Can You Trademark a Clothing Brand?

The clothing industry is highly lucrative and competitive, with many manufacturers vying to build a brand and capture a share of the market by trademarking their brand name. However, the Trademark Office routinely rejects many proposed trademarks in the clothing category on the grounds that they are merely ornamental or decorative in nature.

When a trademark is rejected as being decorative or ornamental, it essentially means that it does not function as a trademark by identifying the source of the goods. This is especially true if the brand or mark is prominently displayed on an article of clothing. This type of refusal is not only common with clothing, but any printable product such as bags, mugs, pens, notebooks, hats, masks, cups, or anything else which is promotional in nature.

The best way to overcome an ornamental or decorative refusal is to properly use the trademark so it can act as a source identifier. For clothing, this is usually done by placing it either on the clothing tag or the clothing packaging. The location, placement, and size of the mark is critical in determining whether it is ornamental or acting as a trademark. So a trademark can be printed prominently on a shirt or hat, but if it is also used on the tag or packaging then it is much easier to overcome the rejection and move forward with the application.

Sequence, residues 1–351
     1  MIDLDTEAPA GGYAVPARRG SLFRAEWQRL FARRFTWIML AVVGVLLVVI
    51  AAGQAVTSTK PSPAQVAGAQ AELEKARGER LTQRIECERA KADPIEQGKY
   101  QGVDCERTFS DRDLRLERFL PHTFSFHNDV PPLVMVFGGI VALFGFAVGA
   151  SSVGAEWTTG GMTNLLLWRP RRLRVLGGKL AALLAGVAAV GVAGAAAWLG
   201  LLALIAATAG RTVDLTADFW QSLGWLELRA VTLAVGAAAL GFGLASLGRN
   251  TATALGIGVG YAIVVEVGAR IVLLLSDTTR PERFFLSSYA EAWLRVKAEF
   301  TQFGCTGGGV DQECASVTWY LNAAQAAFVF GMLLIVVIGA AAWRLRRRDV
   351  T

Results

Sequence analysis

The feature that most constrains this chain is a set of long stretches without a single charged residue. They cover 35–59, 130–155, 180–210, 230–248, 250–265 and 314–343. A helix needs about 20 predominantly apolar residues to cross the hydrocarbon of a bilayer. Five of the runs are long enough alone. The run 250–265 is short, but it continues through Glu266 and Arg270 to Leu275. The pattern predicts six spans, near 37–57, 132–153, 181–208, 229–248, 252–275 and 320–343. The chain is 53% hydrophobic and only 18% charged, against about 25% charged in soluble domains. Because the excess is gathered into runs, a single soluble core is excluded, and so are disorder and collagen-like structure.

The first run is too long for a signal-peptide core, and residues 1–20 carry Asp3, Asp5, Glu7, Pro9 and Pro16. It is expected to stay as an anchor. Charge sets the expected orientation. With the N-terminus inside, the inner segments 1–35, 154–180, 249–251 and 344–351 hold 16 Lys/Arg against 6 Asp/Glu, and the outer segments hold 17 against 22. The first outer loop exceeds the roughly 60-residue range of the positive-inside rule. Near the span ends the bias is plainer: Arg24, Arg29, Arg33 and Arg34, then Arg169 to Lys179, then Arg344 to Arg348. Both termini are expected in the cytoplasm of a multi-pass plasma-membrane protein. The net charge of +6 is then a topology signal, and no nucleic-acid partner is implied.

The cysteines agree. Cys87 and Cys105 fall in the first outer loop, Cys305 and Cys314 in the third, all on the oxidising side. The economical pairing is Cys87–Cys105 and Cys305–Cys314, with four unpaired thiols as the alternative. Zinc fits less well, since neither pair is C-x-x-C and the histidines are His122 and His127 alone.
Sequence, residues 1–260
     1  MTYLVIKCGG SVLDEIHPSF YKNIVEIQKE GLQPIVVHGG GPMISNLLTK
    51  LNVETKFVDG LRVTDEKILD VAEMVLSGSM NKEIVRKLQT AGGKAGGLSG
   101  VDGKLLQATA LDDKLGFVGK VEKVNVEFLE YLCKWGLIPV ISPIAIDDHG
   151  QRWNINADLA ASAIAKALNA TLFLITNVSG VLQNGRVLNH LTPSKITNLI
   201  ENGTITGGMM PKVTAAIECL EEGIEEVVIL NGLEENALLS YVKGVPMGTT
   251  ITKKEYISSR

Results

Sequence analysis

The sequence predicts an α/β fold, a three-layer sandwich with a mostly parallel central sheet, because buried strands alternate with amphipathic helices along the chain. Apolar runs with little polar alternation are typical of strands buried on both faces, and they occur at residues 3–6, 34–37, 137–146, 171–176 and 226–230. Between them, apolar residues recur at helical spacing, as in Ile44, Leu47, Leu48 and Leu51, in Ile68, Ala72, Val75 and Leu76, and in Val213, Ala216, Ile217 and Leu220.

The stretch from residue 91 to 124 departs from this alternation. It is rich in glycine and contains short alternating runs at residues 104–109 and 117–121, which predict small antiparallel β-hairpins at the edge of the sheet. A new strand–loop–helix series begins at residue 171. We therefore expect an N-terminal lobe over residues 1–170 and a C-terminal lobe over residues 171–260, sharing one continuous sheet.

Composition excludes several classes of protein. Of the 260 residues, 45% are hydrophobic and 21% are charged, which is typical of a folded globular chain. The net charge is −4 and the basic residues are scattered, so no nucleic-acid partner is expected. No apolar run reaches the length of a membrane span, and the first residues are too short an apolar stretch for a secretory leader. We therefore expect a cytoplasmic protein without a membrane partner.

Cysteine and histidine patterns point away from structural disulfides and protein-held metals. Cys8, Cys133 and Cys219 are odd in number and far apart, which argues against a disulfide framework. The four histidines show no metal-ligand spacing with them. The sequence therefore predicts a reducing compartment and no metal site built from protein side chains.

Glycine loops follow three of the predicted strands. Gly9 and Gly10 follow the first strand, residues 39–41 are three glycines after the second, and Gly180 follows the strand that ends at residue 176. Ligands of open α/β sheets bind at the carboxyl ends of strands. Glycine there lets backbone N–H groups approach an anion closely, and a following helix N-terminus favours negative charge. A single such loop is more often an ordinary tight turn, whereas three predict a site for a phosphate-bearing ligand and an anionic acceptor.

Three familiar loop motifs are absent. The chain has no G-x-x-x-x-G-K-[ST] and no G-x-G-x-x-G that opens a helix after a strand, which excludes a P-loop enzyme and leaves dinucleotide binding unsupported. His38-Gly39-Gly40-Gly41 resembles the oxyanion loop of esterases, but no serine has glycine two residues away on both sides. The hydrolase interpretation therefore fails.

Example of ornamental trademark refusal

The owners of the brand Lululemon tried to register a trademark which consisted of “a single line in a wave design that is applied to the front of a garment” for sweat shirts, jackets, and coats.

However, the Trademark Office rejected the proposed trademark on grounds that it is merely ornamental as applied to the goods being offered. Lululemon appealed to the Trademark Trial and Appeal Board. On appeal, the TTAB affirmed the refusal and stated that the applicant can overcome such refusal by showing that the design is “inherently distinctive or has acquired distinctiveness as to the goods in the application…” (See In re Lululemon Athletica Canada Inc., 105 USPQ2d 1684 (2013))

The TTAB board further noted that the determination as to whether a proposed trademark is ornamental depends on “the size, location and dominance of the designs”.

When trying to register a trademark that appears on any printable product, please seek the advice of a trademark attorney. Not only will they be able to guide you in the right directions, but they may help you avoid expensive and protracted trademark prosecution.

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